Opt Out brilliantly utilises social media and appears to be an exemplary and successful twenty-first century grassroots social movement. Our interviews and other research would suggest that about half of the Opt Out activists are teachers. These teachers have also been very important in the educative role of Opt Out.
The election of the President Trump has galvanised this Opt Out and other progressive opposition and honed the focus on the privatisation of public schooling, given Trump and Secretary for Education Betsy DeVos’s financial and political support for the expansion of Charter Schools (government schools run by private interests).
The point to note here, though, is that teachers have been important in opposing high stakes testing and related changes. Teachers, along with activist parents, were also involved in ending the InBloom initiative driven by edu-businesses and philanthropic interests, which would have seen the corralling of all data about a child across eleven states, including New York, in a unified data infrastructure provided by private for profit ed-tech businesses.
There was very real concern about such data being in the hands of private companies and also the potential for these ed-tech businesses to on-sell the data for profit to third parties. As noted above, Australian teacher respondents to our survey also expressed this exact same concern.
New Zealand: the ‘Kiwi standards’
The final case I want to comment on here is that of New Zealand, which with the election of the Ardern Labour government (in coalition with the Greens and New Zealand First) has witnessed the scraping of New Zealand’s version of the Global Education Reform Movement, the National Standards (and the Maori version, Nga Whanaketanga Rumaki Maori),what Martin Thrupp calls the ‘Kiwi Standards’.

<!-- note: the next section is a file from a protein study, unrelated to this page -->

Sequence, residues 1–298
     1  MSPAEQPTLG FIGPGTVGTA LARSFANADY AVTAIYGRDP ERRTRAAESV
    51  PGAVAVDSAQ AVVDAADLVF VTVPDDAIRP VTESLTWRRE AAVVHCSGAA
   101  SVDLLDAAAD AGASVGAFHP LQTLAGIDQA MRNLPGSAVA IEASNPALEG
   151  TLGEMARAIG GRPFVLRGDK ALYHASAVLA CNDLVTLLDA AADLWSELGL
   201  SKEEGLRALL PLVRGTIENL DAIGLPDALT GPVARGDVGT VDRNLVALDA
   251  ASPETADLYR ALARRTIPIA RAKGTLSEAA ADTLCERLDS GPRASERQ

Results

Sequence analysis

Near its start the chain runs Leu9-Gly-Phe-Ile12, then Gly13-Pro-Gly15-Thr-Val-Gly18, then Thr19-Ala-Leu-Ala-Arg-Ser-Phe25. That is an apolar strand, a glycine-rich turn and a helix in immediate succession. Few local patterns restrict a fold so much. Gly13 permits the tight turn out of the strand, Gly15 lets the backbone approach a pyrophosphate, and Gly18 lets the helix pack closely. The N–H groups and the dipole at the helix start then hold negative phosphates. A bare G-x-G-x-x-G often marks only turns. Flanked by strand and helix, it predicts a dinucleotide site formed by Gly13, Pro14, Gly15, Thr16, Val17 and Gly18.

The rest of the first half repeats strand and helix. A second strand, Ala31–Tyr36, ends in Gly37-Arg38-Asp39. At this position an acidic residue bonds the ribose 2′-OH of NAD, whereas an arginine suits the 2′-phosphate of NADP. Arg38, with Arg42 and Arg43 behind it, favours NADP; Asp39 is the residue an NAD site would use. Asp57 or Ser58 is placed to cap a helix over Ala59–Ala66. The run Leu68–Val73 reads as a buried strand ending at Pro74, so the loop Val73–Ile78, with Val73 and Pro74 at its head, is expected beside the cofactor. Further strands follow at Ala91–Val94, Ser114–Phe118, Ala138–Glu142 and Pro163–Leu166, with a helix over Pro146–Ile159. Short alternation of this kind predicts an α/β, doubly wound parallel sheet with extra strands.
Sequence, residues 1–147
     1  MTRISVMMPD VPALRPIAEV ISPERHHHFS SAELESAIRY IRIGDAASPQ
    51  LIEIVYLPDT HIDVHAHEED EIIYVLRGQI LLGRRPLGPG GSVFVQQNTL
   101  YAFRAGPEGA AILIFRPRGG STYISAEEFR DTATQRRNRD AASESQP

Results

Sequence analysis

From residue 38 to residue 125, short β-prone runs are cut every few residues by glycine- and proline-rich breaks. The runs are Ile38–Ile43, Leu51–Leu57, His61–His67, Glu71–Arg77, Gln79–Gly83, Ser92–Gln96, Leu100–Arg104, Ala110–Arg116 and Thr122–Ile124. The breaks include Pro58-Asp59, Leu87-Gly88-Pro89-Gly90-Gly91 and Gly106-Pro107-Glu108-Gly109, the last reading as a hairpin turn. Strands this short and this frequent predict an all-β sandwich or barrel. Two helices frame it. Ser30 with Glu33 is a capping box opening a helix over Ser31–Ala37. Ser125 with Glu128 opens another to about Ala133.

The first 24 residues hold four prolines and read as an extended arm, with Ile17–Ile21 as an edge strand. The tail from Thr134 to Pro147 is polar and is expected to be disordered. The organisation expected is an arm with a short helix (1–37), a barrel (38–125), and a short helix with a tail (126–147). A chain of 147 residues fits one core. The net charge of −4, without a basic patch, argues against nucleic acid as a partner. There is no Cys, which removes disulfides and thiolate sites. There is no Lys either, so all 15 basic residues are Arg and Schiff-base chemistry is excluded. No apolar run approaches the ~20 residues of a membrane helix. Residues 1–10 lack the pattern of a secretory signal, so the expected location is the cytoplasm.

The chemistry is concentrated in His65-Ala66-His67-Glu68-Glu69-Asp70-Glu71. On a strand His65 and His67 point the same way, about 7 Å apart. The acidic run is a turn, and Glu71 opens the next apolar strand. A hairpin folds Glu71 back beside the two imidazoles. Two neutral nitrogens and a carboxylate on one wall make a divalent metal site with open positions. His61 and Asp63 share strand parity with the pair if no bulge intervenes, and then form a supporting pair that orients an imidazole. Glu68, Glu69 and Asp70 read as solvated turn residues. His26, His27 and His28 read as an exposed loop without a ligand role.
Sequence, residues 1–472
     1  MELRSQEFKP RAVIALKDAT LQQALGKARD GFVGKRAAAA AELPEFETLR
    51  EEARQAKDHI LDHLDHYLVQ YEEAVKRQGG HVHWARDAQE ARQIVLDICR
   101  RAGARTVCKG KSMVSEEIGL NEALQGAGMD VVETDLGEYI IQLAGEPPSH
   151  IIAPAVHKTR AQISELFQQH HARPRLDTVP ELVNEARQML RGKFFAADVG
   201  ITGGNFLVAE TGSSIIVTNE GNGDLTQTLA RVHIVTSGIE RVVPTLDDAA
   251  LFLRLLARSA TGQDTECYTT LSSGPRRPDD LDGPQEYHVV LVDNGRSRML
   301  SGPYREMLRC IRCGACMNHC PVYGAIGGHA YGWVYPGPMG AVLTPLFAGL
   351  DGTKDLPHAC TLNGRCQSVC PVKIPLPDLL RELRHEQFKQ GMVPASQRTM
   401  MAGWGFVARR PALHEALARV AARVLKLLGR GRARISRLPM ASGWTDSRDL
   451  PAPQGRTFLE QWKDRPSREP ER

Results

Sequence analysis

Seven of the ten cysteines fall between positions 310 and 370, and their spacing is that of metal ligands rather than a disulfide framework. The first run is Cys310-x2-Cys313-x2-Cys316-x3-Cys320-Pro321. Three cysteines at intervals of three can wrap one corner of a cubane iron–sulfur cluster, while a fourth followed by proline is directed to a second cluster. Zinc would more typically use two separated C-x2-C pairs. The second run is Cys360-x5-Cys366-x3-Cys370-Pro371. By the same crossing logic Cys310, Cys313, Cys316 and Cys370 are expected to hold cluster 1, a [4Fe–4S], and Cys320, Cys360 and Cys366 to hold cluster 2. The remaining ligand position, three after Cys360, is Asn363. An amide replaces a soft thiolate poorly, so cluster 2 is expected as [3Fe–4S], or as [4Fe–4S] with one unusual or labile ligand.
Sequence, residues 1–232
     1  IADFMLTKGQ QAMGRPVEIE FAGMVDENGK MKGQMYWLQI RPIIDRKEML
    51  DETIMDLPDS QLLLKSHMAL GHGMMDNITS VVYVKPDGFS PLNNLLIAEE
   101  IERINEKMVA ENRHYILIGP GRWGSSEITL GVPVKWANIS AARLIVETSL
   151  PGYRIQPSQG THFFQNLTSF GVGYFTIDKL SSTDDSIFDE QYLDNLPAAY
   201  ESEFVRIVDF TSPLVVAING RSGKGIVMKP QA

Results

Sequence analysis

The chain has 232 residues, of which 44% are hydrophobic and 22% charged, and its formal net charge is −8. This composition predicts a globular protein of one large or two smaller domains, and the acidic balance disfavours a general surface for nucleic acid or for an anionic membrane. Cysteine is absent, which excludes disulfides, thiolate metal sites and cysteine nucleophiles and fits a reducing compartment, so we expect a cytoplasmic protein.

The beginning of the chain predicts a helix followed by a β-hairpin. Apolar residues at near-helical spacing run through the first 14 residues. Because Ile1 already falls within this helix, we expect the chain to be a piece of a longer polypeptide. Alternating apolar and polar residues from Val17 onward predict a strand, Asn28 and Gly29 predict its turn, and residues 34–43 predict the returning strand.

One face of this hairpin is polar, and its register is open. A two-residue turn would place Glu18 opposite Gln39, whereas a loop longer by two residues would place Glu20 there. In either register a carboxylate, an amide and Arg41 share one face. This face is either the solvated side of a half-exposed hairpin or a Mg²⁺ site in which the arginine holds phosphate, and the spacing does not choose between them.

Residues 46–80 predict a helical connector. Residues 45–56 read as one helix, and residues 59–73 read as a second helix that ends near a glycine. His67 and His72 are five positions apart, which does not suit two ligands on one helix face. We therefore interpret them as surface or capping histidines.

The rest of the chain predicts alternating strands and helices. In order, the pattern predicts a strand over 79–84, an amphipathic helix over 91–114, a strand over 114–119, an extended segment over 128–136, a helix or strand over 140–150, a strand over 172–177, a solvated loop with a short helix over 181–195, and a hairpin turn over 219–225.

These National Standards were introduced in 2008 by a Conservative government with little or no consultation with teachers or the teacher unions, a retrograde and foolish policy move, given the more common partnership approach historically to policy development in this small nation state and the centrality of teachers to the success of any policy implementation.
There has been ongoing teacher union opposition to these Standards and their impact upon the work of teachers, reductive impact on curriculum and their opening up of aspects of schooling to commercial for profit interests. Martin Thrupp in his book, The Search for Better Educational Standards: A Cautionary Tale (Springer, 2017) provides an intelligent, granular account of the Kiwi Standards from policy gestation through to implementation. Important to my argument here is the fact that his research (conducted with colleagues) was funded by the New Zealand Educational Institute Te Riu Roa (NZEI), the largest teacher union in New Zealand.
This research and related teacher union activism have been centrally important in the demise of New Zealand’s version of GERMS (or at least an important component part of it) achieved through the election of a Labour government, but also evident in the education policies of the three parties that now form the coalition government. Such victories need to be celebrated. I would also stress, as evidenced in the three cases dealt with here, that teacher union commissioned research has become an important component part today of organised opposition to the Global Education Industry and privatisation of public schooling.